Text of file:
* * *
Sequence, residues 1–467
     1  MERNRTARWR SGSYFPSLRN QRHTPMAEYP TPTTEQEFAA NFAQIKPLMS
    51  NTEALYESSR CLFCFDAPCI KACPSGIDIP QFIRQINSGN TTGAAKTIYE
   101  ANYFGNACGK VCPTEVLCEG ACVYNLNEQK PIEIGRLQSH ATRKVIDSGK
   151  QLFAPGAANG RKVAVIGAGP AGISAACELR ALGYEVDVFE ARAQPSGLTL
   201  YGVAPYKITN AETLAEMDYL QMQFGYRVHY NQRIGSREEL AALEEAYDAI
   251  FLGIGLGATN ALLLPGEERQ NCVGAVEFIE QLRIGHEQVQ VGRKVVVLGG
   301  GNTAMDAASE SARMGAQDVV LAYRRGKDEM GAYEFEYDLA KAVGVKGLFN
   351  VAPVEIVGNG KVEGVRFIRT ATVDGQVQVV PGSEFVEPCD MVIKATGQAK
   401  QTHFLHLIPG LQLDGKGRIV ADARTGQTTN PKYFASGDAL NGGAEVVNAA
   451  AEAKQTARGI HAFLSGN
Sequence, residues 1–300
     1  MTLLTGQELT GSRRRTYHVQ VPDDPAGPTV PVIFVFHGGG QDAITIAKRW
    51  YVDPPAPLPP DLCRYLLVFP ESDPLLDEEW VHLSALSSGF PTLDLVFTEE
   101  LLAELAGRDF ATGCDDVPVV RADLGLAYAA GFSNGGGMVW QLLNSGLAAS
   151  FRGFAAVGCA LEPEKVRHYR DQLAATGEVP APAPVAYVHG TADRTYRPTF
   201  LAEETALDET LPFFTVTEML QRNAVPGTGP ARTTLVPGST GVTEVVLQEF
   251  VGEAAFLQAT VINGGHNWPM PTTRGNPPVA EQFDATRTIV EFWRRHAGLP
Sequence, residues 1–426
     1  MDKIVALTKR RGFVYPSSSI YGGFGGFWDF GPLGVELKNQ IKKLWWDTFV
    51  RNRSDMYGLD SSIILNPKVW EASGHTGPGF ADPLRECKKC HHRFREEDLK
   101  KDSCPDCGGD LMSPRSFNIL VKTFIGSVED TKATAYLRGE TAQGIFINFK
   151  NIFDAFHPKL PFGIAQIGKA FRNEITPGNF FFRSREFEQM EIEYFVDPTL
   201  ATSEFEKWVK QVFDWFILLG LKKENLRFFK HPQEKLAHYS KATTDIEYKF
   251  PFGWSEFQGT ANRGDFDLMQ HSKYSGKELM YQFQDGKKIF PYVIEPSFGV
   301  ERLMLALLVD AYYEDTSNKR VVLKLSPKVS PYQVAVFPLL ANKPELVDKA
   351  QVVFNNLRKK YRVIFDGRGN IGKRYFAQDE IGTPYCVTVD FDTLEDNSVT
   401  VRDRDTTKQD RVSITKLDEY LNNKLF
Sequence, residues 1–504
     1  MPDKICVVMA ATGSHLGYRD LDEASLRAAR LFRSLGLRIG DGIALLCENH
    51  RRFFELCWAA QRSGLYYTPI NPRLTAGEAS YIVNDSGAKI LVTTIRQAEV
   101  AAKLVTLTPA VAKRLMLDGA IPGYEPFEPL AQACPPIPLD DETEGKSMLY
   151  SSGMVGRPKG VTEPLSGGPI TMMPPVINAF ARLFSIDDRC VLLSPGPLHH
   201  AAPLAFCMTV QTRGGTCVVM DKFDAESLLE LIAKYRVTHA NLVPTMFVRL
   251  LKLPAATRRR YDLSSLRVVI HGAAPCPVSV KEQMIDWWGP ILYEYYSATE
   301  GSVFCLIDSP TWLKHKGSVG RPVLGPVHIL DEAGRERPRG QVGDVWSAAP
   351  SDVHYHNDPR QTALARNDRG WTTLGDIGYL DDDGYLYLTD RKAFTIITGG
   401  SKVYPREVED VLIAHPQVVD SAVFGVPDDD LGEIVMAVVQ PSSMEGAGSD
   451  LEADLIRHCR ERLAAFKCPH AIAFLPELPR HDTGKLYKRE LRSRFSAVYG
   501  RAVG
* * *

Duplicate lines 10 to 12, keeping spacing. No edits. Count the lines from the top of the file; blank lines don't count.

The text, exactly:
   401  QTHFLHLIPG LQLDGKGRIV ADARTGQTTN PKYFASGDAL NGGAEVVNAA
   451  AEAKQTARGI HAFLSGN
Sequence, residues 1–300